The concept of designing and building a 128-storey building just west of the Manhattan Bridge in New York that would accommodate everyone from the middle class, the rich and government officials in complete harmony to create a utopian society may seem like an unattainable goal.
Those ambitions seem even more unfeasible if the ideals behind the building were intended to meld together socialism, capitalism and colonialism and help turn financial deficits into profits, reduce unemployment, generate more than $USD40 million annually in real estate tax, and that the building would contain within its walls billions of dollars worth of businesses.
Wong San Yan, a Chinese-American architect, not only has just such a far-reaching vision, he actually does not even hope to profit from it. Wong recently put forward an idea for Zhongshan Tower, a 128-storey building he says would be located in a run-down area in New York.
So serious is he that he has produced a 113-page, 54-point manifesto, covering in minute detail the layout of the building and the features of each floor. The 64th floor, for example, would be reserved specifically for accountants, tax specialists and economists and no one else.
His plans are certainly grand. Situated on the block between Bowery Street, Bayard Street, Mott Street and Worth Street, this proposed urban utopia would cover roughly 15,000 square feet in area and reach a mammoth height of 2,173 feet. It would feature 120,000 square feet of greenery, 130 elevators, 1,600 apartments, 1,000 retail stores, 1,500 offices and have five million square feet for community use as well as a 3,000-vehicle car park.
The plans also include environmentally friendly factories, eight-star hotels, a rooftop greenhouse, the world’s four best restaurants, an enormous rotating restaurant and the world’s highest observation deck.
The community space would include elder care centres, schools, youth associations, kindergartens, health spas, cultural centres, libraries, conference rooms, and offices for not-for-profit organisations.
Some 300 apartments between the 36th and 45th floors would be available for low and middle income families, with a further 150 apartments on these floors reserved for the elderly.
Certainly, Wong is not shy in espousing the virtues of his proposal, nor in his appraisal of the current state of the site.
“For over 100 years, there have been more than 120 buildings at the location where the Zhongshan Centre will be built,” Zhou declares in the preface accompanying his proposal. “In these buildings, the roofs leak to the point of being irreparable and the wires and pipes supplying electricity and sewage access are old and inefficient. This often leads to accidents and other problems.”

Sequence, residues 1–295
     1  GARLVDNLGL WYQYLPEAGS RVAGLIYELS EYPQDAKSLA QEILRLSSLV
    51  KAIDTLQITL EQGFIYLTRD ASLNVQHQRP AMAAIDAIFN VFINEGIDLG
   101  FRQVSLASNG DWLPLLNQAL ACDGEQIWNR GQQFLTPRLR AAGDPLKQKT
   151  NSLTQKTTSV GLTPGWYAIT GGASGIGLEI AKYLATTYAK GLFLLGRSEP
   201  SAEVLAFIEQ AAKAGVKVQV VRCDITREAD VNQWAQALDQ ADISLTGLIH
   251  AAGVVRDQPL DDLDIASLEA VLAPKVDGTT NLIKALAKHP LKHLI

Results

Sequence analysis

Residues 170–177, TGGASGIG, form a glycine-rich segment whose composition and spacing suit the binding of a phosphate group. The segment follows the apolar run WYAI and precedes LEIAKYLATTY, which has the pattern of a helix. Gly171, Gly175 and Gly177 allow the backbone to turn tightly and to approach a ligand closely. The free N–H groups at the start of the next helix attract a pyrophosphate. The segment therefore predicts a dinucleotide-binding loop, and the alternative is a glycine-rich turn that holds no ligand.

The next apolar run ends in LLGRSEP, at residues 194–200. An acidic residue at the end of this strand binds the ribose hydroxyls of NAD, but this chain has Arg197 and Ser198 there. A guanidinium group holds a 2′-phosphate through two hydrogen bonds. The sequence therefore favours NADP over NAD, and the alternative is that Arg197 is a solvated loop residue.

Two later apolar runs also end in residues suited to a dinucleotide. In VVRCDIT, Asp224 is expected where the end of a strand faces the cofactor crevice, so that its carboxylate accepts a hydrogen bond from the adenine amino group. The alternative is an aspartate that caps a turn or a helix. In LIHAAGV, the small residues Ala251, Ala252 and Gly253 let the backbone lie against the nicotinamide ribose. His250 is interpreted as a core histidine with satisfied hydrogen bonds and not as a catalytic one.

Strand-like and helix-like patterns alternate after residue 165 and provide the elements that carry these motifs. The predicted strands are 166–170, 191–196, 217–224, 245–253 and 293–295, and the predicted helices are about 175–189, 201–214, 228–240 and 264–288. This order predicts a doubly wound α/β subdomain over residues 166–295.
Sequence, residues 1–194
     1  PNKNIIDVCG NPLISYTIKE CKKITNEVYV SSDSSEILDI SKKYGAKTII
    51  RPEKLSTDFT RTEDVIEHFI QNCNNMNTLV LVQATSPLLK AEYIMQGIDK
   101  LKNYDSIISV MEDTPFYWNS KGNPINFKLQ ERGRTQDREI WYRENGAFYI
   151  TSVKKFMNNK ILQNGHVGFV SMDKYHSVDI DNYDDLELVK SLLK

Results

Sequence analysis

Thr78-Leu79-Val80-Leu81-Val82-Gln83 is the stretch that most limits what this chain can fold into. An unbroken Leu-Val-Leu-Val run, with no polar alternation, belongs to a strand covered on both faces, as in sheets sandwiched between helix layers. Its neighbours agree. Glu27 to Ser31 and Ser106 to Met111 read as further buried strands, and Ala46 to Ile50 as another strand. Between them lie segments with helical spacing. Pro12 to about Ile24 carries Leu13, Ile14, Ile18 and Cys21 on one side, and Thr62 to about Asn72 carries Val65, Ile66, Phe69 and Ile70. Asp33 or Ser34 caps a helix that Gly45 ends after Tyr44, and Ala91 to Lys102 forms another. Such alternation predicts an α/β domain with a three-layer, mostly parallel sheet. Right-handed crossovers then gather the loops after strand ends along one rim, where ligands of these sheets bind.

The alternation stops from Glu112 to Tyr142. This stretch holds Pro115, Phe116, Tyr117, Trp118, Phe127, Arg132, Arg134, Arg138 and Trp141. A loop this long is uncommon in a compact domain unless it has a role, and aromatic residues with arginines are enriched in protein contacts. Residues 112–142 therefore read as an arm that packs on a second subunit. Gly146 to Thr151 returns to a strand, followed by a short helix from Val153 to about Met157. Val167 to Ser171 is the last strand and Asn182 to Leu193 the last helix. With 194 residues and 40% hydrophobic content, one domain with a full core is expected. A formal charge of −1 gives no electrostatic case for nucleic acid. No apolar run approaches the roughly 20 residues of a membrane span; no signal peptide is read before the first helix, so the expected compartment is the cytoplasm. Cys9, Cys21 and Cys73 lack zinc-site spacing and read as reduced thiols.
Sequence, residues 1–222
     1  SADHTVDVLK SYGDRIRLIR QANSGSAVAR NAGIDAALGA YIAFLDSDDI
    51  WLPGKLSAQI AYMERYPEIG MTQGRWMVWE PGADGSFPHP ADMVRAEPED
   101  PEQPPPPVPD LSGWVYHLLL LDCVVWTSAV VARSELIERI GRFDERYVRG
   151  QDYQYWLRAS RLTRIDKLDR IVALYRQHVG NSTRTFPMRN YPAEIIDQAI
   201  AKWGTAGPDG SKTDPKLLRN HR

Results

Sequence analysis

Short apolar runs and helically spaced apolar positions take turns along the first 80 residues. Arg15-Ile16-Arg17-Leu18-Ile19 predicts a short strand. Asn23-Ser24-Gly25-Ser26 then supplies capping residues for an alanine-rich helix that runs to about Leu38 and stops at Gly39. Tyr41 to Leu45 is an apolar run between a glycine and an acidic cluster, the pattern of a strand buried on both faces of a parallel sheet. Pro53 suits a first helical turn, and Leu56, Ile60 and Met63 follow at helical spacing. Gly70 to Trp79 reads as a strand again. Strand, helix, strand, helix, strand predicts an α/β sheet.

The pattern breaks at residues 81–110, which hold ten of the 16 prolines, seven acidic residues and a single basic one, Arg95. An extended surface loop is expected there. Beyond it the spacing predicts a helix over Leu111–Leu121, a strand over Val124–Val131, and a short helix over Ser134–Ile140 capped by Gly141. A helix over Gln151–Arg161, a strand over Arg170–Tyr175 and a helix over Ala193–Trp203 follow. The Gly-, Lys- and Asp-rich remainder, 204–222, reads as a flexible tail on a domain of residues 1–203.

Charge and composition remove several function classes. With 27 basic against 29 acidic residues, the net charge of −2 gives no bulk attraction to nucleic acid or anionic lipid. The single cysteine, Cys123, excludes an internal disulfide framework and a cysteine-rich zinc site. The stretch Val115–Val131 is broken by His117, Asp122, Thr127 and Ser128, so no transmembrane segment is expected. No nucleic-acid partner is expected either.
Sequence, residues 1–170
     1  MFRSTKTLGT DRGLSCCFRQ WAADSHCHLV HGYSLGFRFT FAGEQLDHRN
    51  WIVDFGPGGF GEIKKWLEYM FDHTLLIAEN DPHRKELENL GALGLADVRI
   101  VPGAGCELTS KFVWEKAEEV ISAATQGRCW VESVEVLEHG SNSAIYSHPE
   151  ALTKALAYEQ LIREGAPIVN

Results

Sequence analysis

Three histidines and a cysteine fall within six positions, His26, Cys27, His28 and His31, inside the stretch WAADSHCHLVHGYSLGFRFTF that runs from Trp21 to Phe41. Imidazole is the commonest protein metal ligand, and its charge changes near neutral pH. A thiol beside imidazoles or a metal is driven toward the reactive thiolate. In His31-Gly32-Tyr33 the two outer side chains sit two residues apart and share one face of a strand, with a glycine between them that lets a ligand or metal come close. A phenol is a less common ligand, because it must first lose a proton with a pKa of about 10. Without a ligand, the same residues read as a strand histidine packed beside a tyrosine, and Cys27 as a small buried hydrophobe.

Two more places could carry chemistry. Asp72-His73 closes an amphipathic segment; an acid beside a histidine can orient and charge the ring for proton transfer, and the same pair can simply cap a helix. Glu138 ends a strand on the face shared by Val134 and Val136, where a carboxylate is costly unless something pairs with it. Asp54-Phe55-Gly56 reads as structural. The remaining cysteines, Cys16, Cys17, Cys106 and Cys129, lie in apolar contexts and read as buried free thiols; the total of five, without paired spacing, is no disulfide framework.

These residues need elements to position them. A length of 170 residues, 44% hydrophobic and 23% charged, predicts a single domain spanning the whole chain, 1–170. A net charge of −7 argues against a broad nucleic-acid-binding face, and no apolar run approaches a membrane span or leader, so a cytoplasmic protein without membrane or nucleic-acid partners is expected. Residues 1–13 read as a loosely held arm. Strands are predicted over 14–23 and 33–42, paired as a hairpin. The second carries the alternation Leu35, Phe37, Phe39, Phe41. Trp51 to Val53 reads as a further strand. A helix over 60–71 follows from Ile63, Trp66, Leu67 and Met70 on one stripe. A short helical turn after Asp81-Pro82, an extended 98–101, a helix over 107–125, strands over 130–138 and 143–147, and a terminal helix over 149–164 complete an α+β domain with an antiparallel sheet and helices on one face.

He adds that stairs in the buildings in the area are typically steep and, without elevator access, the buildings are inaccessible. Furthermore, the buildings are not tall enough to allow scenic views, and he suggests the land in underutilised.
“The government presently only receives about 5 million dollars of real estate tax from this area, and there are only 500 workers employed,” he says. “Easy community is non-existent, and the area lacks convenient parking. Business is declining.”
Wong says his proposed skyscraper would be modern and offer vastly improved living conditions and decor. He said the businesses in his proposal would offer upscale working conditions, and with so many amenities in such a condensed space, shopping and all other facilities would be extremely convenient.
“The government will make more than 40 million dollars annually in real-estate tax, and business profits taxes will exceed billions of dollars,” he says. “The government and the private sector will profit from its construction. The owners of the displaced buildings will become the owners of the condos within the Centre. The businessmen whose businesses were displaced by the Centre will get new, modern space for their businesses to return to. And the tenants whose apartments were torn down for the Centre will be given better living conditions between the 46th and 55th floors.”
Bringing such an ambitious and far-reaching project to fruition would obviously be challenging, and Wong himself is clear that he wants no part in the construction of the tower. While his intentions in proposing such a massive development are no doubt laudable, it will be up to others now to act on the proposal for it to come to fruition.
Wong has, however, certainly brought the concept far enough that it is now in the realm of discussion, and all magnificent buildings in existence today were once merely dreams of those who believed the ‘impossible’ was indeed possible.